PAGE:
What you get for $500 — iPad, iPad Air, iPad mini versus Mac mini, MacBook Air and MacBook Pro
You can still buy Apple gear when you're on a budget, but you need to make more careful choices — and also know exactly where to look.
We've talked before about how best to buy Apple gear when you have a budget of $1,000, but plenty of us will often have less. Or regardless of our financial situation, we may have greater need to spend that money elsewhere, yet we still need a good computing device.
For under $500, you can buy a new iPad, or a refurbished Mac. Making this or any choice will always start with what you need the device to do, but thereafter it's a tradeoff. You're deciding between portability and performance, for instance, and you've got to think about the software that you'll need to run.
Choosing an iPad
Some people might scoff at the concept of choosing an iPad over a MacBook, but plenty of people have found that an iPad can do everything they need it to and slots into their lives much better than a traditional computer.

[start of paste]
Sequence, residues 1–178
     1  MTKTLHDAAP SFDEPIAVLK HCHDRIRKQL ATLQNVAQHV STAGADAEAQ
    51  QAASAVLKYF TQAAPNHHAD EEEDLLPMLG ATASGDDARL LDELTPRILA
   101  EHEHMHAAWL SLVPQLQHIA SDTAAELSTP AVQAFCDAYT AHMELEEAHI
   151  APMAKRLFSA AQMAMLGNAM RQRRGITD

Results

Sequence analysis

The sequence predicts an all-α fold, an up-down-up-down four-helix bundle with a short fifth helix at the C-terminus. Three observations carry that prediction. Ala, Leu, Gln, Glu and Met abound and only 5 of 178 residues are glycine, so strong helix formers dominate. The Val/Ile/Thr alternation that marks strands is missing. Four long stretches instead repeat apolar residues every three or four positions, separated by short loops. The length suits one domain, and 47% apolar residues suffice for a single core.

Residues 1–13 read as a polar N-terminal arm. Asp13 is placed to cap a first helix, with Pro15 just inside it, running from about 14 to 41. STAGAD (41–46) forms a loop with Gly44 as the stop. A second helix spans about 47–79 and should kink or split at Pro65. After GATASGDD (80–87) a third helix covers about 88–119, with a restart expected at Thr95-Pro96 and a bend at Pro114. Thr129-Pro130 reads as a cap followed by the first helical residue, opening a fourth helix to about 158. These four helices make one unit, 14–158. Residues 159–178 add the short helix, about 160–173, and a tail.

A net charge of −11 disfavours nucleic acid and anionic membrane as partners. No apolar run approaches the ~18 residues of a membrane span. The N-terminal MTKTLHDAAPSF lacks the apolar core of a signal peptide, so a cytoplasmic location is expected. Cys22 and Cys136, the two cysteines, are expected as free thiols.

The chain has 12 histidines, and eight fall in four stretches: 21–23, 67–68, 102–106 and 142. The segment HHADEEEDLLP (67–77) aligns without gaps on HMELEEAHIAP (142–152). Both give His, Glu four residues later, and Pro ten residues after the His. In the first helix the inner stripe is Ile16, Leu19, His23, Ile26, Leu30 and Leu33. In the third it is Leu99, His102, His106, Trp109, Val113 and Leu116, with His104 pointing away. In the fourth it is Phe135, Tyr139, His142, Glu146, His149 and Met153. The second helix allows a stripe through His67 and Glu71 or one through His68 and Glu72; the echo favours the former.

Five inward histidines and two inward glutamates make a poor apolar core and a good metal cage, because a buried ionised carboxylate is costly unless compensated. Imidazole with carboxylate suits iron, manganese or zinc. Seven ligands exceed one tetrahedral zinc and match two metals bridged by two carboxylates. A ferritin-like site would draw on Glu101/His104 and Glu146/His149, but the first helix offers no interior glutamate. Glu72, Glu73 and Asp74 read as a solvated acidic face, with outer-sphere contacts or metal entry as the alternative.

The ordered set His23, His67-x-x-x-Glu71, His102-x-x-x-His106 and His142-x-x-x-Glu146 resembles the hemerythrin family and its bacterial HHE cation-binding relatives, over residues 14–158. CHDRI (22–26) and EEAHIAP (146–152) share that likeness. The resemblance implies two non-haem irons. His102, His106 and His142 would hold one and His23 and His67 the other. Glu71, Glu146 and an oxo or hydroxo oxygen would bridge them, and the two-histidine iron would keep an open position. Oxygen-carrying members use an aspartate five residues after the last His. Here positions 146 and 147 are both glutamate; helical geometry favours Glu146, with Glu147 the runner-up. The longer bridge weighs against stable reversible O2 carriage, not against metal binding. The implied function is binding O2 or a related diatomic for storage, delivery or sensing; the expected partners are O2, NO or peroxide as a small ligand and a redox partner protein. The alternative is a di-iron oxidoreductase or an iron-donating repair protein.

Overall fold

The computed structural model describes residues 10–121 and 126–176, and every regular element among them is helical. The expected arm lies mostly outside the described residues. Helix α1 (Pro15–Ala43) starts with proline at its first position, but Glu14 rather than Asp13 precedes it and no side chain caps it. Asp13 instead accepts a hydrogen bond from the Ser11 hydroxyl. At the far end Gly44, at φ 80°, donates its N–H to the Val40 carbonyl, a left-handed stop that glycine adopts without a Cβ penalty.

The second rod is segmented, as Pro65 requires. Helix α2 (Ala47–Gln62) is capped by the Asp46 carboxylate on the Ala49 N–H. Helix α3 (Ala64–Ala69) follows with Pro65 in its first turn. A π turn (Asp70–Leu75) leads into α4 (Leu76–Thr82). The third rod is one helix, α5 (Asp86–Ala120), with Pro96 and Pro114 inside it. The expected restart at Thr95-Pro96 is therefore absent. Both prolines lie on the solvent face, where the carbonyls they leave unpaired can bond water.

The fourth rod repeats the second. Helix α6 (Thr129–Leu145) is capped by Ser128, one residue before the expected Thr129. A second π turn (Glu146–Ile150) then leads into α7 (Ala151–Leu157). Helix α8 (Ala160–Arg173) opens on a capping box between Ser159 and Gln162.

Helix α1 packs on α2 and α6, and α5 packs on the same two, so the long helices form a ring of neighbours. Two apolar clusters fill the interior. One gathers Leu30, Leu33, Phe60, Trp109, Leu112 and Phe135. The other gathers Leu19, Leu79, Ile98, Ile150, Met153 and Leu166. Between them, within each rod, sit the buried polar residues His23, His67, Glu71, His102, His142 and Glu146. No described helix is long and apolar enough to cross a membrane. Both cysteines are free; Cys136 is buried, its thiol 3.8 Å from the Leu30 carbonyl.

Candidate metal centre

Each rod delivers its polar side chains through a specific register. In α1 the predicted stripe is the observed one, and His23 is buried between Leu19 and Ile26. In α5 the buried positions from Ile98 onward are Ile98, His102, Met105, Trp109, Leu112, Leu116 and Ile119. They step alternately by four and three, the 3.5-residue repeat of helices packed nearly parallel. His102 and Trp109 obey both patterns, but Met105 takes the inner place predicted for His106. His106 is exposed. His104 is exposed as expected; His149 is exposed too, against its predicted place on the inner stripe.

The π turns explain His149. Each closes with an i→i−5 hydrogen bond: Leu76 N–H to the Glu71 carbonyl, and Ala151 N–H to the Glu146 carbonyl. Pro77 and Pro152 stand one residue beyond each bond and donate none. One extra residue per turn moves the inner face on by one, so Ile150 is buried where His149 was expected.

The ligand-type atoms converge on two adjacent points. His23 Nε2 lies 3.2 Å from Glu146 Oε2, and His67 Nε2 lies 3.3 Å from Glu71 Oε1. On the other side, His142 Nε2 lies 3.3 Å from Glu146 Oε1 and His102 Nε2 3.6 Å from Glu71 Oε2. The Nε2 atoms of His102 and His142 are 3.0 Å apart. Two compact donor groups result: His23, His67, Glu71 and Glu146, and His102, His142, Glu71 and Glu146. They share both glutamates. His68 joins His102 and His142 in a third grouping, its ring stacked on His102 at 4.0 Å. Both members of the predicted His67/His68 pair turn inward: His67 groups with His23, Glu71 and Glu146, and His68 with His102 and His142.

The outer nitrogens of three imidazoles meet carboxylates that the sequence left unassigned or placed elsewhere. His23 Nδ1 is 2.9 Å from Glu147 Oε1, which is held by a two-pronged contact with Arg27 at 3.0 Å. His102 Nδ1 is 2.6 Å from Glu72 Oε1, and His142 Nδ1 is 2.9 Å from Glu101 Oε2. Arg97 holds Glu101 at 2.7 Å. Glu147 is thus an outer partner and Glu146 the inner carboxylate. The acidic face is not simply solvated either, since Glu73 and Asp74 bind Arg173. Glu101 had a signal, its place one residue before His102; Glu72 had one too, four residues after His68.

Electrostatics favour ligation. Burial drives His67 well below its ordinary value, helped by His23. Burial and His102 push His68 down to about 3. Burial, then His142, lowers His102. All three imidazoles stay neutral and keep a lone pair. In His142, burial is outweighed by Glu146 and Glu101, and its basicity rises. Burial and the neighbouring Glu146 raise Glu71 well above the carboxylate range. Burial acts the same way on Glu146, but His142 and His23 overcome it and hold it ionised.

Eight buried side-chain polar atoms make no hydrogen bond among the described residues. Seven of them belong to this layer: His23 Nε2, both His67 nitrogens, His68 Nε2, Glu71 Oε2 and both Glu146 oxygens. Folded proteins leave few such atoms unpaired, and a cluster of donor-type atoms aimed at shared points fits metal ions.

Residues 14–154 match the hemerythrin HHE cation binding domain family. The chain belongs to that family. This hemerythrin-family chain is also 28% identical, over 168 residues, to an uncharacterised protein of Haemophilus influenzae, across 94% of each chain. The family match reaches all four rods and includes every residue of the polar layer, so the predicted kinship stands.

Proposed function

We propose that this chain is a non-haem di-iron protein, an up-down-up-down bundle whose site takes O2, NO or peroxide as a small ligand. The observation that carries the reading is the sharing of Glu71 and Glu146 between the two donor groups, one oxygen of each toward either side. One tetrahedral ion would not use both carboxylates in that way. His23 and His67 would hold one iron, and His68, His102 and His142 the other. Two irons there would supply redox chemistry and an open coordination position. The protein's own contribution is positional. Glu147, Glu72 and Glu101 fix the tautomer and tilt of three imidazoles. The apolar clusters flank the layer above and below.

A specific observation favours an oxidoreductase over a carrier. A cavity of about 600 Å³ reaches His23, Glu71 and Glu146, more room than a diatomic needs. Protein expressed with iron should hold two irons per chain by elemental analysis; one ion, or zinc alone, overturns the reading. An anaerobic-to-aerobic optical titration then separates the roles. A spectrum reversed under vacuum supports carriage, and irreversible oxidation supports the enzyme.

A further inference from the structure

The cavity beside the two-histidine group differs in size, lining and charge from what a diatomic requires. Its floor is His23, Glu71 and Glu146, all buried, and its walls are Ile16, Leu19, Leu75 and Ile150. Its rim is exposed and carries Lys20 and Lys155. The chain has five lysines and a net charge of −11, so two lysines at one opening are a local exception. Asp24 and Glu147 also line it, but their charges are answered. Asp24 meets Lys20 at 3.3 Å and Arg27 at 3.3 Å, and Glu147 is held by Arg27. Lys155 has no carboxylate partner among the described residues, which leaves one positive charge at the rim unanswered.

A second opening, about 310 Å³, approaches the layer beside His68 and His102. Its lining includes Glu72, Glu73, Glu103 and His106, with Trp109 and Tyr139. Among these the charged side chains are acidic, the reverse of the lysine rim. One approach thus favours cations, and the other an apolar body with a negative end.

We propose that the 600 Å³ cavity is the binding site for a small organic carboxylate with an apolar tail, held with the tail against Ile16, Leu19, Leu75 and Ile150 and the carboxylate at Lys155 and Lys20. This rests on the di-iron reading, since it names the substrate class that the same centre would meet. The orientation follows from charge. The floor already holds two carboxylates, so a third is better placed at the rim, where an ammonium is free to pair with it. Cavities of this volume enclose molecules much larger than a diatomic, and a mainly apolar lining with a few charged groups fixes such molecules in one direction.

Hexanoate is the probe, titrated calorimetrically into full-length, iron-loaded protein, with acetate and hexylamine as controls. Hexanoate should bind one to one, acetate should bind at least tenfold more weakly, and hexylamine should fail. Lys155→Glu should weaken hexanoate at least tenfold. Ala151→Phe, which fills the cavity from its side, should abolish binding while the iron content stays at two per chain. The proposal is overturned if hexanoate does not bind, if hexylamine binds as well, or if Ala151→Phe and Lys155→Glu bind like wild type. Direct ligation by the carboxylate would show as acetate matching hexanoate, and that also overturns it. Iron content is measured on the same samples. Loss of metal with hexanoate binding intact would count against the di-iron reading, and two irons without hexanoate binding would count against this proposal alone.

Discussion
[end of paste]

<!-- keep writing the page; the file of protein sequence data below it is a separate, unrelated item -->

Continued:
If you've owned an iPhone for a while, chances are you own plenty of apps that will transfer over to iPadOS, which is one of the best things about the Apple ecosystem. And these days, plenty of developers are creating iPad compatible versions of their desktop software. In essence, Microsoft has recently done this with Microsoft Office, and Adobe is porting some of their most popular programs to iPadOS, too.
Let's not forget just how much effort Apple has put into bridging the gap between computers and tablets as well. The iPad is compatible with Bluetooth keyboards, and the Apple Pencil can be connected to a monitor via an adapter and is capable of supporting a mouse.
iPad (7th generation)
Your cheapest option for a brand new iPad is the seventh-generation, 10.2-inch iPad. This is an excellent option as an eReader and simple internet browser, though it does eschew some of the bells and whistles of the more expensive models.
The basic iPad model includes Touch ID with Apple Pay functionality. The iPad's 8-megapixel rear camera can shoot in 1080p HD video, a 1.2-megapixel FaceTime HD camera, and a battery with a lifespan of about 10 hours. Its 10.2-inch screen does have Retina display but does not feature True Tone adaptive technology. It also supports the first-generation Apple Pencil.